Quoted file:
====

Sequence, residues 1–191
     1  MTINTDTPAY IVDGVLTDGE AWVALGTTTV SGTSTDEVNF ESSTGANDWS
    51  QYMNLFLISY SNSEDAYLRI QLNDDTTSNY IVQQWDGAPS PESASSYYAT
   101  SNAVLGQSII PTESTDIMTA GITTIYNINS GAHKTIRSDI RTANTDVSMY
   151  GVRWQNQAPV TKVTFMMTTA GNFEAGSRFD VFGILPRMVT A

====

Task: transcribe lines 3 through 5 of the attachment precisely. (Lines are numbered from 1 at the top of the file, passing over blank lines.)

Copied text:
    51  QYMNLFLISY SNSEDAYLRI QLNDDTTSNY IVQQWDGAPS PESASSYYAT
   101  SNAVLGQSII PTESTDIMTA GITTIYNINS GAHKTIRSDI RTANTDVSMY
   151  GVRWQNQAPV TKVTFMMTTA GNFEAGSRFD VFGILPRMVT A